Telltale Games, makers of The Walking Dead adventure games and several other episodic series, laid off many of its developers today and may be shutting down according to messages on social media, a report by The Verge, and a Kotaku source with knowledge of the matter.
[Update – 7:55AM AEST]: Telltale sent Kotaku a statement confirming that all but 25 employees were let go from the studio as part of a “majority studio closure following a year marked by insurmountable challenges”. The small group that remains will “fulfil the company’s obligations to its board and partners”.
The company’s CEO, Pete Hawley, also issued the following statement:
It’s been an incredibly difficult year for Telltale as we worked to set the company on a new course. Unfortunately, we ran out of time trying to get there. We released some of our best content this year and received a tremendous amount of positive feedback, but ultimately, that did not translate to sales. With a heavy heart, we watch our friends leave today to spread our brand of storytelling across the games industry.
As for what will happen with all of Telltale’s ongoing projects, the studio said it will have “further comments regarding its product portfolio in the coming weeks”.
Original story follows.
Speculation about layoffs and the possible closure of the studio began when freelance reporter Andrea Ayres tweeted the news that a developer friend had claimed Telltale was shutting down. That was followed by a narrative designer at the company, Emily Grace Buck, announcing that she didn’t have a job any more and that many of her developer friends were also looking for work.
The Verge reports that only 25 people are currently left at the studio, which previously employed hundreds. Kotaku’s source has also said the layoffs are widespread, but did not confirm how many people were still left.
Telltale Games was founded by former LucasArts employees in 2004. Its first game was Telltale Texas Hold’em, a poker simulator, followed by narrative-based episodic games adapted from the CSI TV show.
It wasn’t until 2012, however, that the studio found its first major breakout release with The Walking Dead. The studio’s choice-based, branching narrative model was soon applied to other popular licenses such as the Fables comic book series, Batman and Game of Thrones.
This newfound success, however, was also accompanied by reports of workplace toxicity and crunch conditions at the San Rafael, California-based company.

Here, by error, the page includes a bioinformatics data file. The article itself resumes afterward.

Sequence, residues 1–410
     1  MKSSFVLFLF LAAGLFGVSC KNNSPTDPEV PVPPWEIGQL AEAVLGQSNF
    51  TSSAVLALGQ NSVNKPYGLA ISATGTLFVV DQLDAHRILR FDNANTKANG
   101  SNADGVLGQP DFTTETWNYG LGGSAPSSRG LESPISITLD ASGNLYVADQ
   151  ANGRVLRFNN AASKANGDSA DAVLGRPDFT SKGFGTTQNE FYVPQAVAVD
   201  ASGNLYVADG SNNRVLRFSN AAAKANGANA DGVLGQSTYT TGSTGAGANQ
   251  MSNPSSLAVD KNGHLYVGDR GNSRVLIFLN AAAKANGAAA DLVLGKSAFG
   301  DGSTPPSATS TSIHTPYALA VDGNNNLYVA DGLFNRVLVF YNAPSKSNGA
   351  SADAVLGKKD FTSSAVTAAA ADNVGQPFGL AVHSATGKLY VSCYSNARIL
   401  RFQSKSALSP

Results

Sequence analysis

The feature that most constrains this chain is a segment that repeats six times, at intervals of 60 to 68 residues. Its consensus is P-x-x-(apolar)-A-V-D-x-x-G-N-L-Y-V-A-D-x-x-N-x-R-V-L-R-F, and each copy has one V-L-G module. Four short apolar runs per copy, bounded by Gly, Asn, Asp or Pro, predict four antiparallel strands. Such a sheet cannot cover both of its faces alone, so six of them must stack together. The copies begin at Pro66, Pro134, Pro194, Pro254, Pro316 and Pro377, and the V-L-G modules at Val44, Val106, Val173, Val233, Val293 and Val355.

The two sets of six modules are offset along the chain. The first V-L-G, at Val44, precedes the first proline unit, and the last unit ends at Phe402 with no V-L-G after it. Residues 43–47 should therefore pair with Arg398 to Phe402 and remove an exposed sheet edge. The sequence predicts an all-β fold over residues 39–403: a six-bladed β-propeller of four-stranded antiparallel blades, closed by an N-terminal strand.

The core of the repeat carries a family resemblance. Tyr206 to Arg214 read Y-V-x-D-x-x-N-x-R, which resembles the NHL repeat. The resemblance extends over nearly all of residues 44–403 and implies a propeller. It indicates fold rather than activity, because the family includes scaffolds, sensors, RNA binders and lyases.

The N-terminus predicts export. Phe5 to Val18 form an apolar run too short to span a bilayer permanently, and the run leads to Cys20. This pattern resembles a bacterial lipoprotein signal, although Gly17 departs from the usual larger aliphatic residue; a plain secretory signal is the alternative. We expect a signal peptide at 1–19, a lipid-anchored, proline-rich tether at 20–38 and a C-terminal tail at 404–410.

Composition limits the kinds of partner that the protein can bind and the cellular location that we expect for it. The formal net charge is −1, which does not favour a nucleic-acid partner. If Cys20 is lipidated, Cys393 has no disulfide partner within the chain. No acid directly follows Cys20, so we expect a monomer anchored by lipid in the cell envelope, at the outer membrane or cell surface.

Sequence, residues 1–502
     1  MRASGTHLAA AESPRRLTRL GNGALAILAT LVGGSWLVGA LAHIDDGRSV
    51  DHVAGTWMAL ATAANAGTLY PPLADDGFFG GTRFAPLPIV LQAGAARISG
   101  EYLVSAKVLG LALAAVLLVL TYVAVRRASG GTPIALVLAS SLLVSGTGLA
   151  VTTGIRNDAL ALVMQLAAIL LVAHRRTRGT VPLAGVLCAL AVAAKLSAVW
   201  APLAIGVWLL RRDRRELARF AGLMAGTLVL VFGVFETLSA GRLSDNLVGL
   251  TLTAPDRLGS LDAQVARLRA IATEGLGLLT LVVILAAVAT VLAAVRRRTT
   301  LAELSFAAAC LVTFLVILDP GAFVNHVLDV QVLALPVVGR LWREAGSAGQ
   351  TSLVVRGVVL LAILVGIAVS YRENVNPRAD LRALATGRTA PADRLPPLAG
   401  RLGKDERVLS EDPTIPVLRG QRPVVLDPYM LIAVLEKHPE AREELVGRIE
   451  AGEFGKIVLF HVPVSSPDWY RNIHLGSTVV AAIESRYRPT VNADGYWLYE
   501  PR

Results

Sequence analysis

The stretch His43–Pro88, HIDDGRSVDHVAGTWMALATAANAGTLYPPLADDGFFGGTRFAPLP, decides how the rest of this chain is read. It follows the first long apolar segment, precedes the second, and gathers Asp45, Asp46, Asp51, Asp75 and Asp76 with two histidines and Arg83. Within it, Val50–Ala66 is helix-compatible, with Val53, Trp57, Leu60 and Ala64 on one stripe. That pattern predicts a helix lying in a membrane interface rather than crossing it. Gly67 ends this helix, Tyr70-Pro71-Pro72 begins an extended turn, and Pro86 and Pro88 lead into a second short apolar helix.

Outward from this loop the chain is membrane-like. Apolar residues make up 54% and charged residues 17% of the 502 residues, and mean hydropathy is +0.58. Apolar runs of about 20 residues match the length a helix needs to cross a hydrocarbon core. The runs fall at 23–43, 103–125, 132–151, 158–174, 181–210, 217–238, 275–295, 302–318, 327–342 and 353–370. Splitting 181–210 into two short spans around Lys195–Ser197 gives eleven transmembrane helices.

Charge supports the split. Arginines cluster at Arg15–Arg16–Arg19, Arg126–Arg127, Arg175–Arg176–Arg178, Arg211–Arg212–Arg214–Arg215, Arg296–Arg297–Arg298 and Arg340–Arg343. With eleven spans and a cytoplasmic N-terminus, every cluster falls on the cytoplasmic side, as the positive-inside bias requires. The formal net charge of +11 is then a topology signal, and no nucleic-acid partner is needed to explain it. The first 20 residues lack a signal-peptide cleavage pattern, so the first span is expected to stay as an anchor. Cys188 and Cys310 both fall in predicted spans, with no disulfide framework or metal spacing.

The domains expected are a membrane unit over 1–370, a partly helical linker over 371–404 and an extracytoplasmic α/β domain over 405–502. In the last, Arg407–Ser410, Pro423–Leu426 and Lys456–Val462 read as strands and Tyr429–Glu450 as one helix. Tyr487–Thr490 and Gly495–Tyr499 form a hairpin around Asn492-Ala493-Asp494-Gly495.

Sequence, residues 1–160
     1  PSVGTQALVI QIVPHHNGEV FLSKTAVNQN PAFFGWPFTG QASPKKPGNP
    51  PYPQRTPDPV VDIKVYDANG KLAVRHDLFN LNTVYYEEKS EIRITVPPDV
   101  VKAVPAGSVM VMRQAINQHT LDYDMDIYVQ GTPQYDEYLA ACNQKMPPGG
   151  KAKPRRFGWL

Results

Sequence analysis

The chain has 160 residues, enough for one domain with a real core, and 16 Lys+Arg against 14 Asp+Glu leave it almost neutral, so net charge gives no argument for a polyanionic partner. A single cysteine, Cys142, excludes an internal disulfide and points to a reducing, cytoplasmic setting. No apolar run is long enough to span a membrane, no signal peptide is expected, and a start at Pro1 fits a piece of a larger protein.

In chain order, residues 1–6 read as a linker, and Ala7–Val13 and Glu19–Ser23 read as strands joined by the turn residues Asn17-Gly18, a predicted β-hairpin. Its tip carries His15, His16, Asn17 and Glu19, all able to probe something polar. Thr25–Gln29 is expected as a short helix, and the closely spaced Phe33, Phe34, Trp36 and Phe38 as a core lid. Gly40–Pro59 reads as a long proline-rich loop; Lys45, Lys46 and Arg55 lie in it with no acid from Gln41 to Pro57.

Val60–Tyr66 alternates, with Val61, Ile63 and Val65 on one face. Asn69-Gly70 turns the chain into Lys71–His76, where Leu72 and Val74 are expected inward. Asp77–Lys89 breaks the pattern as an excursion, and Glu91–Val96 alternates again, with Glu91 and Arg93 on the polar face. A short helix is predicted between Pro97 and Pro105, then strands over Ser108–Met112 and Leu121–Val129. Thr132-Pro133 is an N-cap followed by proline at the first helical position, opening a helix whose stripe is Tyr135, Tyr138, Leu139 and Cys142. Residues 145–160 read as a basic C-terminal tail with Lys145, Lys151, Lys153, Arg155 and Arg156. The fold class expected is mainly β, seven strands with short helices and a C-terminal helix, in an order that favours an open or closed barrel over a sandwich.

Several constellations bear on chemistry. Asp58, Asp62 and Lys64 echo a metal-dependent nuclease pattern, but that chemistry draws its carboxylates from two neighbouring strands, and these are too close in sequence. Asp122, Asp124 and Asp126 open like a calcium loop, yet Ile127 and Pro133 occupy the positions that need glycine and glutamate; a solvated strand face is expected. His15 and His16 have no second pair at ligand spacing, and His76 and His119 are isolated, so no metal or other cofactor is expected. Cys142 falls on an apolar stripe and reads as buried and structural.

In March of 2017, Bruner, one of the original founders of the studio, stepped down as CEO and was replaced by Pete Hawley, a former VP of games at Zynga. This restructuring led to 90 layoffs in October of 2017. USGamer reported the following month that these layoffs were part of an attempt by management to reorient a company that had grown beyond its means.
In June of this year, Telltale appeared to be turning a corner, announcing a new collaboration with Netflix for a series of Stranger Things games, a deal that Variety reported was two years in the making.
At the same time, Bruner filed a lawsuit against the studio alleging, among other things, mishandling of his financial holdings in the company, which the studio said at the time was “meritless”.
Telltale released the first episode of The Walking Dead: The Final Season in August with the second episode scheduled to arrive next week on September 25. It’s currently unclear if the rest of that game will still release as planned, or what will happen to the studio’s other projects currently in development.
Telltale did not immediately respond when asked by Kotaku for more information.
[Update – 10:02AM AEST]: Both USGamer and Variety report that the skeleton crew being kept on at Telltale are focused solely on completing Minecraft: Story Mode, a five-part interactive narrative series produced for Netflix originally set to come to the streaming platform this spring. The Walking Dead: The Final Season, meanwhile, will remain unfinished.
According to The Verge and multiple reports on social media, laid off employees weren’t given any severance. “None of my sleepless nights or long hours on weekends trying to ship a game on time got me severance today,” Brandon Cebenka, who was a character artist at Telltale, tweeted earlier today. “Don’t work overtime unless you’re paid for it, y’all. Protect your health. Companies don’t care about you.”
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